We expect many more outbreaks in the future. – Now a new period has begun

We expect many more outbreaks in the future.  – Now a new period has begun

Experts announced on Thursday that the outbreak in Iceland has ended. But in crisis-hit Grindavik, uncertainty reigns.

The houses are still empty.

Many of them are crooked and banned.

There are large cuts and cracks in the roads as a result of the volcanic activity that swept the region.

The short version

In the weather-worn restaurant building, there is light from the window. Olafur Arenberg waves us in, while his wife, Inga Gundórsdóttir, holds out her arms.

-We are having a difficult time. Our house is there, she says and points.

-And we cannot live in it.

The man nodded.

-We have no money, no job, and no home.

The Icelandic couple doesn't know where to celebrate Christmas.

Now they live in a small house with their relatives. They sleep in bunk beds. Well, one of them is asleep.

– I don't sleep at all, says Gündürsdóttir.

Threatened with imprisonment

They are both angry with the authorities. They believe that the closed city should have been more accessible.

Recently, they defied the law and slept for six nights at their home across the street from the restaurant.

On the sixth day, the police knocked on the door and threatened us with imprisonment.

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Then they gave up.

Behind them, paintings of fishing boats hung on the wall.  Arenberg was captain of all seven.  The last piece was sold in 2012. The following year, they bought the town's shipyard, which is now a fish restaurant and hotel.

Behind them, paintings of fishing boats hung on the wall. Arenberg was captain of all seven. The last piece was sold in 2012. The following year, they bought the town's shipyard, which is now a fish restaurant and hotel.

Gunndòrsdottir misses the place day and night.

-And yet, we're talking about never coming back. Just find a new place.

She fears more outbreaks in the future.

-We cannot afford this arrangement every year. It will just keep going.

And they're not the only ones feeling uncertain about returning to the volcano-prone city.

When magma movements beneath the Earth's crust caused thousands of earthquakes on a Friday in November, Gudjon Sigtrygsson was called by the local rescue service. Not everyone in the city was able to evacuate.

As the ground shook beneath them, he helped the elderly people out of the nursing home.

The tremors were stronger than anything he had known. The panic came in waves.

“This is not good,” he managed to think.

Then he himself was told to get out.

– Feels broken

The next day was a bad day, Sigtrygsson says. He reached the nearby town of Selfoss, but he was crying and did not know where to go. For hours he wandered around randomly.

Two days later, he was allowed into his hometown for a quick hour. Since then, he has returned several times.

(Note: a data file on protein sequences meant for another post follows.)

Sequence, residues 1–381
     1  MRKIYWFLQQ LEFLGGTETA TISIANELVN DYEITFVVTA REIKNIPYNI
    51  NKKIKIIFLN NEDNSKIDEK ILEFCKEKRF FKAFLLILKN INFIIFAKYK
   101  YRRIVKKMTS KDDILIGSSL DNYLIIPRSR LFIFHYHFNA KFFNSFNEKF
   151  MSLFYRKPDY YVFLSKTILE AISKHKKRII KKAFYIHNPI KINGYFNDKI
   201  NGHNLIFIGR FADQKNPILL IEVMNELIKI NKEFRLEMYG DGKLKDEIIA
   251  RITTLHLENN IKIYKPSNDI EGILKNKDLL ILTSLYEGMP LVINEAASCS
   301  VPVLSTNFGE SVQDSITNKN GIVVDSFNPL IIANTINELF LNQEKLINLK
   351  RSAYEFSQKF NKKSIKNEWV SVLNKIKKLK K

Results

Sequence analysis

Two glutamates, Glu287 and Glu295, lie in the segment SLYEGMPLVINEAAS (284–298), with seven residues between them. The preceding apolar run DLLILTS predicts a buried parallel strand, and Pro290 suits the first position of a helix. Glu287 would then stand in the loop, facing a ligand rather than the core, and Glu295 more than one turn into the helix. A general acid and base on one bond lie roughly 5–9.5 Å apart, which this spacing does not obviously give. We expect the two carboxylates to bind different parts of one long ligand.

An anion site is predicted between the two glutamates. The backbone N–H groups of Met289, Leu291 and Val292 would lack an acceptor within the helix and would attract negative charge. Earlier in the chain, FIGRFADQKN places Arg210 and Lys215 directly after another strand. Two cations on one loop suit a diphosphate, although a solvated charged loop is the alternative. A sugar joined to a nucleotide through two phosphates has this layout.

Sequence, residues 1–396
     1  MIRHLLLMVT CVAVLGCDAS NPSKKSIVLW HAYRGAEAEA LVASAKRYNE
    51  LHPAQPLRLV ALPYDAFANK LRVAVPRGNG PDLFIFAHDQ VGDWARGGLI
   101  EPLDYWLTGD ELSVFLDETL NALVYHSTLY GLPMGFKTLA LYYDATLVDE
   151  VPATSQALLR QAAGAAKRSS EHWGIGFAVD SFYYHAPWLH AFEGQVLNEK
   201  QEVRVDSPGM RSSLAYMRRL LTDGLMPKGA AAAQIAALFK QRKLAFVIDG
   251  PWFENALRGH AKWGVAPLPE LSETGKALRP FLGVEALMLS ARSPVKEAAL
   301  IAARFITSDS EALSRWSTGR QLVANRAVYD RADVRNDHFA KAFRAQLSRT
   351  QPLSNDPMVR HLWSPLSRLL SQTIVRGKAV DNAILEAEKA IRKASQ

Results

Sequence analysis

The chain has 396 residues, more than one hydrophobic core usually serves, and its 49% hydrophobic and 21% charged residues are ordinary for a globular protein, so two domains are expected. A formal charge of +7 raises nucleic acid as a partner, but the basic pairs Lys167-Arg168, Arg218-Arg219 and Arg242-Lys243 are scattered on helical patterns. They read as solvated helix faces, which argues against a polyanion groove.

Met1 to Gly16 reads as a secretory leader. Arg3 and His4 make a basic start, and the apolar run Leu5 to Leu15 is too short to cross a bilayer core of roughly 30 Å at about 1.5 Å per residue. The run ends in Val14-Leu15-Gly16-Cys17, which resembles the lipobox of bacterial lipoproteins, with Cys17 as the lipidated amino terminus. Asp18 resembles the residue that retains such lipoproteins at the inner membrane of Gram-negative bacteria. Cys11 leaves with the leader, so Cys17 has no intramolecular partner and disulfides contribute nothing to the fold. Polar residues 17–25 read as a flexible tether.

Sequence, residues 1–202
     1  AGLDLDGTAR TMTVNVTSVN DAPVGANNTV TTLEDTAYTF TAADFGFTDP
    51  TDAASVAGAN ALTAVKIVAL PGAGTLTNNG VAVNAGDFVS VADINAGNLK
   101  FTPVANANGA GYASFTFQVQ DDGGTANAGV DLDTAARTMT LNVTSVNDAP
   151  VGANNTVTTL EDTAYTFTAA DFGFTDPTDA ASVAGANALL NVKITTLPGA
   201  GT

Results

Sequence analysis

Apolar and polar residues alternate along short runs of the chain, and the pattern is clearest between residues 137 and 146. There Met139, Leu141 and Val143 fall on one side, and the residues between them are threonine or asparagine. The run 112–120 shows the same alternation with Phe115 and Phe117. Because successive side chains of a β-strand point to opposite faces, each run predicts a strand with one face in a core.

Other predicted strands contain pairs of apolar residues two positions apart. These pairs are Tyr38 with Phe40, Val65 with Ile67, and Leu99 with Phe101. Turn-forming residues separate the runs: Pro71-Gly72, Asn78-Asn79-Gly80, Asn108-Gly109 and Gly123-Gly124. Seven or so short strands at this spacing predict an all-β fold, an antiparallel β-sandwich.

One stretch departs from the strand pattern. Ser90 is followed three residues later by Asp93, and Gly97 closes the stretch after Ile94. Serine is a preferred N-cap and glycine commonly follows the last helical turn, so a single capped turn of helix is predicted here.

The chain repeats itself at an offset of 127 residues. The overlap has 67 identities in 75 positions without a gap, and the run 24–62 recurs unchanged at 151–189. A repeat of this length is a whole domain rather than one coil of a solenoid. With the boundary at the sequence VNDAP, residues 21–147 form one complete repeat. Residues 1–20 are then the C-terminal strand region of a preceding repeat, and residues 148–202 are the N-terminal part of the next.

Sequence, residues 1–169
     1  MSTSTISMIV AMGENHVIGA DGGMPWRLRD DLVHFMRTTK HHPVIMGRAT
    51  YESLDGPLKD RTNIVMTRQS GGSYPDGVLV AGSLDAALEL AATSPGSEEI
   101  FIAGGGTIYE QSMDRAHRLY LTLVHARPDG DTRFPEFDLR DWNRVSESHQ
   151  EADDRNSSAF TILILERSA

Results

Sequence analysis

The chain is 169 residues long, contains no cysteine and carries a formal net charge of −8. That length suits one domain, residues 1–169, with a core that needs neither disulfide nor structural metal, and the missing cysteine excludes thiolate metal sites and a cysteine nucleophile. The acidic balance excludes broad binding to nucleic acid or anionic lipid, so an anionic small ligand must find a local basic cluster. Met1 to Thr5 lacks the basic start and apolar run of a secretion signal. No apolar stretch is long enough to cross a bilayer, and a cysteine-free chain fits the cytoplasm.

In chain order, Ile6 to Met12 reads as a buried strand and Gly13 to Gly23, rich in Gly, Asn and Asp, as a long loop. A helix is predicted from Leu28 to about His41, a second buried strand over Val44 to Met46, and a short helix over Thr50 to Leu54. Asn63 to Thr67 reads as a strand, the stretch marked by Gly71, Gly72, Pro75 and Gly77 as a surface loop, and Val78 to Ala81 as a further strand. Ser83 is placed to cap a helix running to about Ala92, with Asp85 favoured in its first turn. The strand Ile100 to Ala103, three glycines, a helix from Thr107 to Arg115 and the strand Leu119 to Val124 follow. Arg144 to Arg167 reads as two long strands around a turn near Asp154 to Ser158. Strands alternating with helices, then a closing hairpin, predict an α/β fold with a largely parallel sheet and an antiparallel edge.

– Feels broken. The entire city is empty.

They were all times of painful encounters.

-We know the history of the island, but you are not prepared. Not when it happens so soon.

Thoughts run through my head: What about my children? Christmas? money?

-It's hard not knowing if I'm going home. I don't know if I want to go back someday.

Geologist John Høkor Steingrímsson believes that the area around Grindavik will experience 10 to 15 volcanic eruptions in the near future.

– In the next 15 years, we will see many outbreaks here.

Steingrímsson points to the latest research, but also to history.

In short, it's like this: Iceland is located directly above the Mid-Atlantic Mountain Range. The ridge represents the separation between two cortical plates. They are spaced apart, which means they recede from each other. When this happens, magma rises between them and can turn into a volcanic eruption.

Stingrimsson says that Iceland has 130 volcanoes. It is divided into 32 volcanic systems.

There are six of them on the Reykjanes Peninsula. It is the system of Svartsinje and Reykjanes that has now become a reality.

The geologist explains that the latter witnessed a period of activity between the years 700-1240.

– Now a new period has begun.

As of 2021, the Reykjanes Peninsula had not erupted in 800 years. This winter's outbreak is the third in a few years. There is no indication that it is the latter:

– The outbreak will only continue.

Work on blast

Today, forty houses in Grindavik have been completely destroyed. One hundred were slightly injured. The city is full of holes and cracks, some of which reach a depth of twenty meters.

– Thirty trucks agreed to fill a small crack outside the sports hall, Stingrimsson says.

Work is now underway at full capacity to repair the city's sewage networks and water pipes.

The worst damage occurred near the crack in the town church, which is about two kilometers long.

Crack is not new.

Grindavik stands on 2,400-year-old lava. In very old photos you can see the crack.

They probably didn't know that when they built homes here in the 1950s and 1960s, Steingrimson says.

– Or maybe they knew it something There was, but it did not have the same basic requirements for mapping as it does today.

Steingrímsson understands all those who do not want to return to Grindavik.

At the same time, calm will return when the period ends, he adds.

– People have their lives here.

He believes many will appeal it.

Dalila Awolowo

Dalila Awolowo

"Explorer. Unapologetic entrepreneur. Alcohol fanatic. Certified writer. Wannabe tv evangelist. Twitter fanatic. Student. Web scholar. Travel buff."

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